When the company moved most of their scouting online, Anne-Marie knew she needed to find something new.

“I’m not a good desk person,” she said.

She moved back to New Yorkwhere she scouted for Cirque on the East Coast and danced. At this point she was thinking more and more about how she wanted to spend the rest of her life.

“I kept asking, ‘What’s my purpose and how can I serve?’”

After Anne-Marie spent two years of scouting on the East Coast, Cirque offered her a job as artistic director in 2006. At the same time she received a gift certificate for her birthday for a Hellerwork session.

She was skeptical about Hellerwork and she was busy, so it took her eight months and three cancellations before she attended the session. Anne-Marie, who had been battling 10 years of back pain, finally made the time to go in hopes of easing that pain. Her plan was to go to only one session, though, not all 11.

After the first session she felt invigorated. Not only did her back pain ease, but her body and mind had eased as well. She made another appointment the following week.

“I immediately felt the power of this work,” she said.

Her body felt more aligned with every session. She had more mobility and flexibility not just throughout her body but in her mind, which resulted in more energy. Plus, her back pain had vanished.

By the sixth session, she had a Eureka moment.

“I was overwhelmed with joy and thought to myself, ‘I’m going to learn this modality.’ I wasn’t sure what my plan was going to look like, but I just jumped.”

She enrolled in the Hellerwork Structural Integration program in 2007 and, because she enrolled late, she received training from Joseph Heller himself out of his home in California.

“It was hard to give up salary and benefits, but I knew there was something more significant deep inside myself. I said, ‘I’m going to trust this.’”

She is now the owner of Art of Alignment Structural Integration and has plans to expand the studio to include coaching. She also plans to rename her business to her last name, Duchêne, which means “of the oak” in French.

“I feel like I am a model for what I speak for,” Anne-Marie said.

“Jump off the edge and then let your wings appear.”

Read more about Anne-Marie Duchêne, Hellerwork and Art of Alignment at www.artofalignment.com.

 

– By Jessica Braun

Jessica Braun is a writer and an editor at WholesomeOne. She can be reached at jessica.braun[at]wholesomeone[dot]com.

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Structural Integration for Treatment of Fibromyalgia

Fibromyalgia is a syndrome characterized by “long-term, body-wide pain and tenderness in the joints, muscles, tendons, and other soft tissues. It also has been linked to prolonged or chronic bouts of fatigue, sleep problems, depression, anxiety, and headaches.” Fibromyalgia is a diagnostic term created to objectively define symptoms but each person experiences this syndrome quite differently.The cause of Fibromyalgia Syndrome (FMS) remains unclear without any stout and effective solutions. Therefore, the efficacy of existing therapies varies widely from person to person.
The role of connective tissue, specifically fascia, can contribute to relieving the chronic pain and tenderness in the entire body. Our fascial system dutifully locks in our outward appearance and shape. It is believed that FMS is triggered by physical and/or emotional trauma, and in turn, causes structural imbalances due to the chronic pain felt in various parts of the body. Structural Integration is beneficial in slowly realigning these structural imbalances at a depth and speed the client is comfortable with.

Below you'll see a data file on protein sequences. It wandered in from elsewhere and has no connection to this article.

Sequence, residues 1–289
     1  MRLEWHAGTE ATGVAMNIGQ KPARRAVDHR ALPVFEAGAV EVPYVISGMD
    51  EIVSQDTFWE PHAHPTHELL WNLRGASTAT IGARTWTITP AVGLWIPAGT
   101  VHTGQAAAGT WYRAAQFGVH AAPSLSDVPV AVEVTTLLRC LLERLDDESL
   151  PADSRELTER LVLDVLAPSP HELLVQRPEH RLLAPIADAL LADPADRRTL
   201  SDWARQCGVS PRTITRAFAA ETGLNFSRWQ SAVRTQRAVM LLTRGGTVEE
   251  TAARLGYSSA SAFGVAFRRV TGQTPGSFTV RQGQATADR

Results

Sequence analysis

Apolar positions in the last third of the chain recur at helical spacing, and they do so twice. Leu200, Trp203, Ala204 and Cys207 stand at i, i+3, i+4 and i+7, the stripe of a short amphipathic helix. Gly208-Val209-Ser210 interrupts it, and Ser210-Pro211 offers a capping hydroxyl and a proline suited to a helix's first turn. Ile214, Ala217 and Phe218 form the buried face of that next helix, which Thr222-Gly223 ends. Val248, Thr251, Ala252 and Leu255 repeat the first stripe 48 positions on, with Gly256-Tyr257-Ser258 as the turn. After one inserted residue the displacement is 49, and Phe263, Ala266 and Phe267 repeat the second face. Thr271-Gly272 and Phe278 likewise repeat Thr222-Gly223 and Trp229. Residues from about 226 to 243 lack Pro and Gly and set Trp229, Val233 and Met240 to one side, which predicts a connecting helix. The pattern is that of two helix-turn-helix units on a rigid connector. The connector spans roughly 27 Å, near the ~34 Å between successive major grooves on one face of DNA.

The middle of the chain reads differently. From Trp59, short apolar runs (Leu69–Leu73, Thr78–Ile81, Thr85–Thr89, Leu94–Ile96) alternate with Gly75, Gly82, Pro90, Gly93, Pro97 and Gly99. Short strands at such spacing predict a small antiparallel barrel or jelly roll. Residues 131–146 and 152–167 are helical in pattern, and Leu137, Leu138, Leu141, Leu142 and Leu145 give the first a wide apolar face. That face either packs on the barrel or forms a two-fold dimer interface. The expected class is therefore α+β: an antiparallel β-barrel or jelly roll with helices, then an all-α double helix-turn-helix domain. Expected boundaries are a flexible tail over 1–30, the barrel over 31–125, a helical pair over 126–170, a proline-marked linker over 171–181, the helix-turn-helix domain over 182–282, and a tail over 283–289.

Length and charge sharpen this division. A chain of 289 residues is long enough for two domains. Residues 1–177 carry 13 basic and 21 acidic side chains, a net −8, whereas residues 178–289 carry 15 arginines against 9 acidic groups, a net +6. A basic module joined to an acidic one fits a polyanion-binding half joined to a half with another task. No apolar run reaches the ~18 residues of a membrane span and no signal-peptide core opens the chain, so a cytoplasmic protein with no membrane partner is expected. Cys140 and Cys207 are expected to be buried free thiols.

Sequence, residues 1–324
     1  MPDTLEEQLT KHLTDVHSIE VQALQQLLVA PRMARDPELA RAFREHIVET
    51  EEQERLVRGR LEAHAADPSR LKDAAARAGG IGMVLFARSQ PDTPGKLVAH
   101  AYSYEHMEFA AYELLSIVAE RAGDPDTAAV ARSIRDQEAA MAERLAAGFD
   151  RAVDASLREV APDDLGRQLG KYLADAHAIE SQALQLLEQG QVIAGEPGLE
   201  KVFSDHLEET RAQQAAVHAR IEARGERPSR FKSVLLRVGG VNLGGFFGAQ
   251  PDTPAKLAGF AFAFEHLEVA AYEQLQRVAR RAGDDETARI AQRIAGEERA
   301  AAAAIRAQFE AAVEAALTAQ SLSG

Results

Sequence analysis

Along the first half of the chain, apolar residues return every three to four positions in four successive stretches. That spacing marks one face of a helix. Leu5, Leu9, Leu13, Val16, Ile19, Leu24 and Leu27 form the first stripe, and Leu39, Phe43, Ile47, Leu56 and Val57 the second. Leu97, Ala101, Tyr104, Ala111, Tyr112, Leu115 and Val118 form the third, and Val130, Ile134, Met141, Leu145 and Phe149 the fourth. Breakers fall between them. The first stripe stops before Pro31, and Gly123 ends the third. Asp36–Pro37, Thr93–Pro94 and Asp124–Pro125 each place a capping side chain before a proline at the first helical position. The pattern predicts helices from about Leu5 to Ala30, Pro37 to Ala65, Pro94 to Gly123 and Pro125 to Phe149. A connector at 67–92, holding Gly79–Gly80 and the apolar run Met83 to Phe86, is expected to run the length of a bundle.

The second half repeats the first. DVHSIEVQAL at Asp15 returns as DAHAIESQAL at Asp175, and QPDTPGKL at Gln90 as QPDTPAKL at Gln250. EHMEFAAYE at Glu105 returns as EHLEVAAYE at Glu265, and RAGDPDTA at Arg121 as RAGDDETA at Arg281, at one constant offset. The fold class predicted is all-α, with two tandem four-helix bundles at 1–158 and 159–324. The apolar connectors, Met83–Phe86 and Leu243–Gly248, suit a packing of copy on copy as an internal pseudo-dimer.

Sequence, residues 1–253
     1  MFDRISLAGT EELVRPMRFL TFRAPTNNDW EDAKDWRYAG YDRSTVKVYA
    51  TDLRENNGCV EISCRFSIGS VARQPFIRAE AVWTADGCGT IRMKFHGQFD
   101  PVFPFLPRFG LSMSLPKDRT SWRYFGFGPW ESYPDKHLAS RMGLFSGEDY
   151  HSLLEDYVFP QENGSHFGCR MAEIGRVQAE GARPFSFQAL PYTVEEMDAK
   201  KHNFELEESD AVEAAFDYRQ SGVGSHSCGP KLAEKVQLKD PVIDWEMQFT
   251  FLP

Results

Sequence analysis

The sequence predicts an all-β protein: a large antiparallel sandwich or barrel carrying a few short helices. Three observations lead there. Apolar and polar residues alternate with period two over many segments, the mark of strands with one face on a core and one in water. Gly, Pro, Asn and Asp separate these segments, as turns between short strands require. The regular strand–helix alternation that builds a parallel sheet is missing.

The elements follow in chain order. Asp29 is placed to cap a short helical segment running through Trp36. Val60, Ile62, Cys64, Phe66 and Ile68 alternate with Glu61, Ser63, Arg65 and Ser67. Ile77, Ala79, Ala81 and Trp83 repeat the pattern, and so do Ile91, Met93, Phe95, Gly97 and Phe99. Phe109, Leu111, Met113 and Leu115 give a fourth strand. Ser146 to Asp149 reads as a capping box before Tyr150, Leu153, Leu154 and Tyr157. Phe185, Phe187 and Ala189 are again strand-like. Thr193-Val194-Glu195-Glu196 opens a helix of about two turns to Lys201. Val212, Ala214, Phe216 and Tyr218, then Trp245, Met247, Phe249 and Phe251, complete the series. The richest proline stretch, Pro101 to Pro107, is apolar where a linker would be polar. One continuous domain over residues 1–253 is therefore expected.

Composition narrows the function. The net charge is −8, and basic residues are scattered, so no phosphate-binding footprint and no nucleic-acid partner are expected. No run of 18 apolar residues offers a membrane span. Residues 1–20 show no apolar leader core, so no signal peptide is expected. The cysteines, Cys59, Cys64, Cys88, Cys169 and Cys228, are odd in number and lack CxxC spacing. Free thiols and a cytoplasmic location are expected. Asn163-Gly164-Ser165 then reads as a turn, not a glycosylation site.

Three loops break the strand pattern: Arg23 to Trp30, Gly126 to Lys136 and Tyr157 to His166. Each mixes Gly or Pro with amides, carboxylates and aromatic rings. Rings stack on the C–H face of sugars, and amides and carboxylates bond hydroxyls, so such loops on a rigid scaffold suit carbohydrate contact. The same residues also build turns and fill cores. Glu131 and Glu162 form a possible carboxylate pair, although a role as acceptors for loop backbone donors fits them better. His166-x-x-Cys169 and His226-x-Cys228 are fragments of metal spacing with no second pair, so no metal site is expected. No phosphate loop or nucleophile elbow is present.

FMS clients experience a plethora of tender points along the body and feel pain in the joints. It is highly important for a Structural Integrator to work fascial planes at a slow pace while simultaneously treating localized pain sites and aligning the whole body as one unit all at once. As a rule of thumb, working cautiously and lightly on the client’s tissue is significant for pain relief. Being open to the results is advised, as response to deep tissue treatment is often highly unique to the individual. FMS clients can be more susceptible to flare-ups, so a lighter touch will often feel significantly deep enough for the client. Generally, I will suggest NOT to participate in any extraneous stretching and exercise that would cause extra soreness 24 hours after his/her session.
It is believed that the issue is related to the nervous system, and not so much in the fascial tissue system that Structural Integrators (aka Rolfers) are known to especially manipulate, lengthen, and reorganize. I find that it is helpful to calm and detune the nervous system into parasympathetic (rest and digest ) ease. Once anxiety wanes, the body will be more receptive to deep tissue work. Usually, as the client progresses through the series, the body is ready for deeper work.
I always recommend an integrative approach for a client, which entails paying attention to and investing the time into determining what the possible root cause of their disease might be. The healing process for the client requires that he/she find relief and support from many arenas such as nutrition, stress management, counseling, homeopathy, craniosacral therapy, lifestyle changes, and perseverance. The beauty in the difficulty experienced is an opportunity for great self-growth and discovery. The Rolf Method of Structural Integration contributes structural and functional optimization, increased body awareness, and the space to ground and relax the overstimulated mind and body of a FMS client.
By Minki KimStructural Integration Professional & WholesomeONE Health Advisor
image source: flickr.com/photos/cosmic_bandita/1145076265/
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Natural Relief from Shoulder Tension and Sciatica caused by Sitting

Saman Maydani had been exploring holistic therapies like yoga and meditation, partly to try to ease muscle pain triggered by her job. As a filmmaker, she was either sitting at a desk all day editing film material or carrying heavy equipment.